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Firefly plans to expand services and take up 30 B737-800s

Tuesday November 9, 2010

Firefly, a wholly-owned unit of Malaysia Airlines (MAS), would take up to 30 B737-800 aircraft from year-end to 2015 as part of its expansion into east Malaysia now and into the regional markets in future.

The airline, which currently operates turbo-propeller planes from Subang airport, would take in its first jet aircraft in December and use it from January for daily flights out of the main terminal building at KL International Airport (KLIA) to Kota Kinabalu (KK) and Kuching.

By Jan 15, it would operate two daily flights each from Kuala Lumpur to KK and KL to Kuching. The flights would be increased to thrice daily for KL-KK and four times a day for KL-Kuching on Jan 24.

Firefly plans to partly lease and partly own the B737 aircraft. Six would be in operation next year, seven each for 2012 and 2013 and five each for 2014 and 2015. To-date, it has secured the lease for four out of the six B737s needed next year.

“We will lease from the open market and will place (purchase) orders for the aircraft by third or fourth quarter of next year.

“Hopefully, by then, we will have enough cash for the pre-delivery payments,” FlyFirefly Sdn Bhd managing director Datuk Eddy Leong said at a briefing on Firefly’s expansion plans yesterday.

Leong said Firefly, which was currently profitable, would finance the initial aircraft delivery via internal funds and that the company would not look to raise funds.

A local bank-backed analyst said Firefly was likely to lease its B737 aircraft needs up to 2012, and make purchases once it could prove itself with good profits from the leased B737 aircraft.

“Leasing is less taxing on the balance sheet but will be more expensive over the long term. The open market lease charges changes from quarter to quarter.

“A brand-new low-specs (specification) B737-800 from the open market (can be leased currently) at US$350,000-US$390,000 per month,” said the analyst when contacted by StarBiz.

Leong told reporters that Firefly’s 30 B737-800s were separate from the 35 B737-800 aircraft order (with an option for 20) made by parent company MAS.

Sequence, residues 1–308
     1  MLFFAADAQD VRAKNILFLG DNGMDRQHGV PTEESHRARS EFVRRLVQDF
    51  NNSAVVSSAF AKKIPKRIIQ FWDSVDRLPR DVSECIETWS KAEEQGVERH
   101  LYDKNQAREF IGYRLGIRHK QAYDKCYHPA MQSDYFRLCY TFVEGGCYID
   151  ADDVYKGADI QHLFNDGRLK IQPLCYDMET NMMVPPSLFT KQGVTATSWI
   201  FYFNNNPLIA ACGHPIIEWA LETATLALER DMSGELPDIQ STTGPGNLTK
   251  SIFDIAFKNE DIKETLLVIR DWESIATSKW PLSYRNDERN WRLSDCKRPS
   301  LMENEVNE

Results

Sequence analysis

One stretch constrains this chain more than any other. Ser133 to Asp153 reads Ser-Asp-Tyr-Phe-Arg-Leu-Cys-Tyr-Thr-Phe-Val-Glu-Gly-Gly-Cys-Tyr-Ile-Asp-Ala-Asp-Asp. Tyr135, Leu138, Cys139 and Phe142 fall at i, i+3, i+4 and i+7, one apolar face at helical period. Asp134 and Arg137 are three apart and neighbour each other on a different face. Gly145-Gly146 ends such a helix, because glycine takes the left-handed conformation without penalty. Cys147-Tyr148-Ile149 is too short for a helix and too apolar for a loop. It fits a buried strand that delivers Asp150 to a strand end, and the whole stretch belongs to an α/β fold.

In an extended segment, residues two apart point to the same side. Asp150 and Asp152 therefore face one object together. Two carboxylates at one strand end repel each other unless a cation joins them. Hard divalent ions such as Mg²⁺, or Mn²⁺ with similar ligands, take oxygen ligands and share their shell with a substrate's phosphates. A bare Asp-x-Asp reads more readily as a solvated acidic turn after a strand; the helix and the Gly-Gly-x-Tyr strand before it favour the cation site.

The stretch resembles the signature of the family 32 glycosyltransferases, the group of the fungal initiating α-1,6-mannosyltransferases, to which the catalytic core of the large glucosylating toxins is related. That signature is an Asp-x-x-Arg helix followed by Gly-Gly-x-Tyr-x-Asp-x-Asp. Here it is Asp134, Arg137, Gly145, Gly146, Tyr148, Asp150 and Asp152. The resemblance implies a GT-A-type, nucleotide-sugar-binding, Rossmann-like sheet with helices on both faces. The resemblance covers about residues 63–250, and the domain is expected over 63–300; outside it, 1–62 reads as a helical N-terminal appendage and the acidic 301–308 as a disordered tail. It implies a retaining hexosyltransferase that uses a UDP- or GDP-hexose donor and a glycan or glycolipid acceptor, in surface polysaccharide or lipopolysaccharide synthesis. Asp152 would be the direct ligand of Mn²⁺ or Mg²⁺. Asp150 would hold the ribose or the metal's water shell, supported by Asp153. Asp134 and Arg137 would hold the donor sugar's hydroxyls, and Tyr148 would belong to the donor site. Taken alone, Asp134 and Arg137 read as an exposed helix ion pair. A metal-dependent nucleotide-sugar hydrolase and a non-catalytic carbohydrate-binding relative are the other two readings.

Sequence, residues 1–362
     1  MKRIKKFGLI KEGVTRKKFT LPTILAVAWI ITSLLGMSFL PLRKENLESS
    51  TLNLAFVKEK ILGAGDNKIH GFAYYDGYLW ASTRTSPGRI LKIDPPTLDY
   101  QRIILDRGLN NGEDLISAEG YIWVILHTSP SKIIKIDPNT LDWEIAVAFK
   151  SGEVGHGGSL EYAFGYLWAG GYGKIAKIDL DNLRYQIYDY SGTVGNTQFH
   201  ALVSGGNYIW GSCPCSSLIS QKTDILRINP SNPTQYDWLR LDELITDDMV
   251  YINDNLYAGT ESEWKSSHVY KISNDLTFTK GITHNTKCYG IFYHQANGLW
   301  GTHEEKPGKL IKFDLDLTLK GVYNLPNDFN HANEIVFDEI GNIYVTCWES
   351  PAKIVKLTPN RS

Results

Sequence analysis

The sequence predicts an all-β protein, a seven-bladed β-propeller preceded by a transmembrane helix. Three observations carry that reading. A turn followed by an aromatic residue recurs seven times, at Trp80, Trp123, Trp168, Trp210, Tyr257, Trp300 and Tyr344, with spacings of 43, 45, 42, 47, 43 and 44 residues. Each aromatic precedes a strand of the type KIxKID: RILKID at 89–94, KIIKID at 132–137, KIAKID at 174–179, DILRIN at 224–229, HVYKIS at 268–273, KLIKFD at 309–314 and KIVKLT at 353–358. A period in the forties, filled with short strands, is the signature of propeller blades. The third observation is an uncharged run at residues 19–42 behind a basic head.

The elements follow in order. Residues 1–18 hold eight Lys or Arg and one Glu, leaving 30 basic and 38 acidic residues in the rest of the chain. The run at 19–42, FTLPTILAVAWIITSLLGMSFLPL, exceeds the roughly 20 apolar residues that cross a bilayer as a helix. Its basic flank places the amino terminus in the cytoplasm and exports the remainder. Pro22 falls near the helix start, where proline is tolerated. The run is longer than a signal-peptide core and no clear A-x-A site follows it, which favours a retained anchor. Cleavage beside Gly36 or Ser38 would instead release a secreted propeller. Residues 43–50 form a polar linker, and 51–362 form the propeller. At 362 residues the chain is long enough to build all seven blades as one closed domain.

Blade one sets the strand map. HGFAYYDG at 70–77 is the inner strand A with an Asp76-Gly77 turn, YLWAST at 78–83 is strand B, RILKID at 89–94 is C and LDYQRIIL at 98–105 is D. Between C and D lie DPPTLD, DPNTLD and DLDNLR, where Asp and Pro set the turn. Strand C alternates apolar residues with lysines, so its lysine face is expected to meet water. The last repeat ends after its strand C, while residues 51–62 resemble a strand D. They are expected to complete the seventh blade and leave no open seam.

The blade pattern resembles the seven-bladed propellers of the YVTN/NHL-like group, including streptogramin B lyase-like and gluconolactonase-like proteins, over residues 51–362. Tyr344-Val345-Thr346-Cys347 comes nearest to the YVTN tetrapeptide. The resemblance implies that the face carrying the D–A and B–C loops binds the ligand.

He said the aircraft choice was modelled after the two most successful low-cost carriers (LCC) in the world, America’s Southwest Airlines and Europe’s Ryanair.

The B737-800s can fly some six hours plus and has 189 seats – nine seats more than the Airbus 320s used by LCCs AirAsia, JetStar Airways and Tiger Airways.

“The B737-800 has a lower operating cost compared with another aircraft (A320). Firefly’s fares will be extremely competitive and our unit cost (cost per available seat kilometer – CASK) will be the lowest in Malaysia,” Leong added.

AirAsia’s CASK last year stood at 10.41 sen while its CASK for the second quarter ended June this year was 11.74 sen.

Leong also dismissed reports that Firefly would be taking on MAS’ older B737-400 aircraft.

Analysts said Firefly’s entry into the jet market would not impact AirAsia in the immediate future but in 2012.

“The immediate impact will be minor. It will more likely be felt in 18 months,” said an analyst with a foreign research house.

The local bank-backed analyst anticipates that Firefly would look to further compete with AirAsia’s stronghold over domestic flights to east Malaysia, which include Sibu, Miri, Tawau and Sandakan.

Asked when Firefly would expand into Asean countries using the jets, Leong said it depended on when Firefly received the rights.

“We are going through the traffic right approvals and also the slots. I think all the major Asean countries are potential candidates,” he added.

Leong said Firefly was not using the temporary low-cost carrier terminal (LCCT) as it was congested and preferred the main terminal due to its code share with MAS.

But he did not rule out the possibility of shifting operations to the new LCCT, KLIA2, once it was ready.

“We are in discussions with MAB (Malaysia Airports Holdings Bhd). We are waiting for a lot of details to be shared before we make a decision,” said Leong.

He said there were no complexities involved in flying out from two points, Subang and KLIA, and would maintain the turboprop operations in Subang airport.

Firefly currently has seven ATR 72-500 aircraft and would add another two by December and one by January next year.

Meanwhile, MAS was voted the World’s Leading Airline to Asia by World Travel Awards.

This article is a verbatim copy of the original article from The Star.

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